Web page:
Emily Waugh

Emily Waugh is the artist, travel enthusiast, and full-blown fiber addict behind Be Knot Idle. She knits and does macrame, but her first and forever fiber love is crochet. When it comes to yarn and home decor, she’s obsessed with neutrals, but when it comes to hair dye and nail polish, she’ll take the rainbow, please and thank you. Instagram is by far her favorite digital space to hang out - she’d be tickled if you followed her. You can find her patterns, finished items, and occasional blog posts on her website.

Sentimental Skies Slouch Hat Crochet Pattern


Hello again, Hook Nookers! Emily here, the crochet/knit/macrame-obsessed maker and designer behind Be Knot Idle, and I'm stoked to be here sharing another pattern with you today! This particular pattern holds a lot of emotional weight for me, as it comes in a season of major change.

I’ve lived in Montana for 25 years, and as I type this paragraph, I am three days away from leaving it. We are moving to Oregon, which I am truly excited about, but there’s no denying that a large part of my heart will always live here. Montana is where I met my best friend. The place where I learned to drive. The place where I had my first boyfriend and my first kiss. The place where I graduated high school. The place where I was married and the place where my son was born. Leaving it is more than a little bittersweet. My goal with this hat was to pay homage to my home state, even as I say goodbye to it.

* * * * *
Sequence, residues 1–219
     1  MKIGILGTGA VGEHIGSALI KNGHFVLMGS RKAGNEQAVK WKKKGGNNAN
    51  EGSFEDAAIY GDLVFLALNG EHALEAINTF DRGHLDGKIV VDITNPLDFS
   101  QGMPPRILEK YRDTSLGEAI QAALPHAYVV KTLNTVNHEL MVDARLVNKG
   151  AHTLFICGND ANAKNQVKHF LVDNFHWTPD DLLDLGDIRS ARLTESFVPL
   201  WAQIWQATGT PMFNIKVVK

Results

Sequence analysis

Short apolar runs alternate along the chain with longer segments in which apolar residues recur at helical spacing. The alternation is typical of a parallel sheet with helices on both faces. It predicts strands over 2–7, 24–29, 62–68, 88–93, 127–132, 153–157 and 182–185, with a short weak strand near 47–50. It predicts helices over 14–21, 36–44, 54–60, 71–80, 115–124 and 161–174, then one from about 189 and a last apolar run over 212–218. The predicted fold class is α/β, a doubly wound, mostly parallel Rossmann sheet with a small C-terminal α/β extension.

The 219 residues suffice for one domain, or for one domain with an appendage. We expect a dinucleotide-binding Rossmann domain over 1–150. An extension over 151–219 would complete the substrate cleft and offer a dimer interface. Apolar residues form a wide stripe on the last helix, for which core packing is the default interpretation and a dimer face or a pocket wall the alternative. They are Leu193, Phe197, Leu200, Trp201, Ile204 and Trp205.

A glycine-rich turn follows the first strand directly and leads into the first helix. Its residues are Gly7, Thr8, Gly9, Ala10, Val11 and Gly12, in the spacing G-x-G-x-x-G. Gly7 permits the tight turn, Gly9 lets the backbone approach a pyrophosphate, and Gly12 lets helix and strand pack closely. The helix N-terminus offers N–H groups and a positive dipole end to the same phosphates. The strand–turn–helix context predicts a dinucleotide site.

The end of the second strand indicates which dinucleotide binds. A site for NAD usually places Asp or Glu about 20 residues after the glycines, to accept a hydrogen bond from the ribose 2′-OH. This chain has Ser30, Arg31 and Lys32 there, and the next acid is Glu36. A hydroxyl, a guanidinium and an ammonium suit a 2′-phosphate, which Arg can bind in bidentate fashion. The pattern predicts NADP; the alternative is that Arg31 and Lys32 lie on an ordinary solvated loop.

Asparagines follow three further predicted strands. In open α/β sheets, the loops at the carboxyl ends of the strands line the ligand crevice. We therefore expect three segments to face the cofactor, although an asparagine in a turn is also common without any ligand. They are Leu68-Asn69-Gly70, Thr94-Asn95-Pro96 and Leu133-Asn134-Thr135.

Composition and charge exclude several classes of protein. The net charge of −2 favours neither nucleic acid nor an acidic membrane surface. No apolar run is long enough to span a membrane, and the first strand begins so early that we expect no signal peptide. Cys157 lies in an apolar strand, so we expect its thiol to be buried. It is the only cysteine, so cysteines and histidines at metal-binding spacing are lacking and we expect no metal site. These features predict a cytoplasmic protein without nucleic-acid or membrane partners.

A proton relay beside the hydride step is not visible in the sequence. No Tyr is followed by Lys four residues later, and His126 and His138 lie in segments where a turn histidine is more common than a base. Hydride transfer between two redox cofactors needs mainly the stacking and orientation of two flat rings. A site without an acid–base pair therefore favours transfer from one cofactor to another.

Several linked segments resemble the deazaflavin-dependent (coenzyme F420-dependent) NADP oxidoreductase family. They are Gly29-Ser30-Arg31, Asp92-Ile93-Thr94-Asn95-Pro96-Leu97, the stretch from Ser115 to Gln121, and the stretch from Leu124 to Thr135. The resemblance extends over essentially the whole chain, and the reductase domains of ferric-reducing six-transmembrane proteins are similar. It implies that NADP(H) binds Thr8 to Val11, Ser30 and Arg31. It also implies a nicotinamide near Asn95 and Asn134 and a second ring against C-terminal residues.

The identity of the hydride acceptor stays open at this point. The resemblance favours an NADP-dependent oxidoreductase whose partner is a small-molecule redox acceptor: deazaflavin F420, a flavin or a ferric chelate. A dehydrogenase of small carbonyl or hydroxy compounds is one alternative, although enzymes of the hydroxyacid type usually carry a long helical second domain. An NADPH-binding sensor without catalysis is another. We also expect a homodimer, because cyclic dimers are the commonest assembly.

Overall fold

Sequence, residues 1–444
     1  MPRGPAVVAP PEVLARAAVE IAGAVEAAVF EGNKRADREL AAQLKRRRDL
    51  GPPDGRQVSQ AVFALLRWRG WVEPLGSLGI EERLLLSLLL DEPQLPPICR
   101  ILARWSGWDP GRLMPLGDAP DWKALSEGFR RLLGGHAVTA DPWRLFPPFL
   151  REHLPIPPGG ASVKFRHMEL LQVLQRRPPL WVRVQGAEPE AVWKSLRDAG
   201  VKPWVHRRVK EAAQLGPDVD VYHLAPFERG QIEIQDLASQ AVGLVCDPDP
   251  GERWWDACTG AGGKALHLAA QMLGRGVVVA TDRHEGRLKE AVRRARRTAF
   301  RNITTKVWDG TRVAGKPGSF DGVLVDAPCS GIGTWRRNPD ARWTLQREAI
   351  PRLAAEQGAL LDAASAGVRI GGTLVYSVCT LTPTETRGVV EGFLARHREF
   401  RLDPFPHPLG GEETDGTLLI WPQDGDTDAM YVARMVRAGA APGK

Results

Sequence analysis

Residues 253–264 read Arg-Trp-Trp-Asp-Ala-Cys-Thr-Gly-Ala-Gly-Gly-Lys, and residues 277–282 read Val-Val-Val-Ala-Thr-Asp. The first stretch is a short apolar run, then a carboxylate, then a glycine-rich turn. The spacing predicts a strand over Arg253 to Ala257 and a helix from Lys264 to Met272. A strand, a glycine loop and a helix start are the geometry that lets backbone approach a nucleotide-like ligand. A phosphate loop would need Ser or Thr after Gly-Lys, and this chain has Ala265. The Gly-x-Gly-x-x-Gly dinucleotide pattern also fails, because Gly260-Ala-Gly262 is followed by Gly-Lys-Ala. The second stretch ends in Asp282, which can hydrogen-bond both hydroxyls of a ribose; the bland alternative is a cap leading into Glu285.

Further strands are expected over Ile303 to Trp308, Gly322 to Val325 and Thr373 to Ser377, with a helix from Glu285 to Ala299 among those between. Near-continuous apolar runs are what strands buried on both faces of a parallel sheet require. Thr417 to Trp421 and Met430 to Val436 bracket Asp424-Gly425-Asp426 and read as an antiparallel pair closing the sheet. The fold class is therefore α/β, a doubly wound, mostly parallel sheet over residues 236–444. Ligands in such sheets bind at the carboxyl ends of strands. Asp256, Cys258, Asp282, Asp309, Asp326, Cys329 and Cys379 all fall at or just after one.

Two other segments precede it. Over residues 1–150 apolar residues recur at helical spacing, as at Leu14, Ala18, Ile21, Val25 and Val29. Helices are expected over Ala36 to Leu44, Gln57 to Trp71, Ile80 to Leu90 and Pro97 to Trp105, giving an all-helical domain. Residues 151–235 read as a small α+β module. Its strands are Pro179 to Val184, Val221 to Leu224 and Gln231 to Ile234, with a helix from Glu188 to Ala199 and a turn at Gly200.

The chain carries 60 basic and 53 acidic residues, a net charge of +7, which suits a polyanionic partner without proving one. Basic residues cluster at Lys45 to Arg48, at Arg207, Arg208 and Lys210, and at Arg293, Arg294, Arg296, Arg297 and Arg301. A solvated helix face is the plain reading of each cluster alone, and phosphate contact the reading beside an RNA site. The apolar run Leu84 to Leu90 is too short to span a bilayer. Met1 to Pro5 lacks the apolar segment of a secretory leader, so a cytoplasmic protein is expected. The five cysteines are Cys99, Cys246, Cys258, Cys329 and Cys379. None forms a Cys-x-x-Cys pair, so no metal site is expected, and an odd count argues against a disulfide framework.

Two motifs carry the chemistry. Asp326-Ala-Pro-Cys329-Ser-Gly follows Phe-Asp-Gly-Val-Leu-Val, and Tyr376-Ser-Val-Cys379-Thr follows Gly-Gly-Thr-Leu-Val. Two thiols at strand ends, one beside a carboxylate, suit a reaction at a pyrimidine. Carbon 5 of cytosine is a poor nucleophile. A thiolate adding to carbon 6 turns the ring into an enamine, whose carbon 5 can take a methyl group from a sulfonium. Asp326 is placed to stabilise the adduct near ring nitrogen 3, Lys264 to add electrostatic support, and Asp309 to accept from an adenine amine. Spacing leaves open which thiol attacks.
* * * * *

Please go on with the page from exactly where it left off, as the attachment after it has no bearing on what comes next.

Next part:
My mother made the same move, from Montana to Oregon, about a year ago. A few months later, she posted a picture of a Montana sunset, and talked about it being one of the things she missed most about Montana. Knowing this move was upcoming for me, it struck me just how much I would miss them, too. Montana is known as the Big Sky State, and for good reason. I’ve done my fair share of traveling around this globe of ours, and I’ve yet to find a place that quite compares to the skies here.

They can be breathtakingly beautiful at all times of day, with towering white clouds in a field of perfect blue, or dark grey waves of clouds pouring over the tops of jagged mountains, but they are particularly heart-throbbing at sunset. Of course there are the fire red and orange sunsets, and those are incredible, but my personal favorites are the evenings full of magnetic pinks and hazy purples and bright gold. On an evening like that, I can rarely resist pouring myself a glass of wine and going to sit on my front steps to watch it change and fade.

When I saw this Ramblin’ Woman colorway from Montana yarn dyer The Farmer's Daughter Fibers, it reminded me of those evenings I love so much, and I found it equally irresistible. I’ve done my best to work it up into something that does even a little bit of justice to the arched bands of color of a show-stopper Montana sunset.

This design is a simple one - only a slight variation on one of the first hat designs I ever came up with myself - but it’s these simple things that I will miss. A glass of wine. A Montana sunset. A feeling of home.

I hope you’ll find some yarn that makes your heart swell, pour yourself a glass of wine, and give this pattern a try.

The Sentimental Skies Slouch Hat Pattern


Fingering or Sport weight yarn (labels vary by company, you’re looking for something that’s 18-19 wpi - I used Squish Fingering from The Farmer’s Daughter Fibers)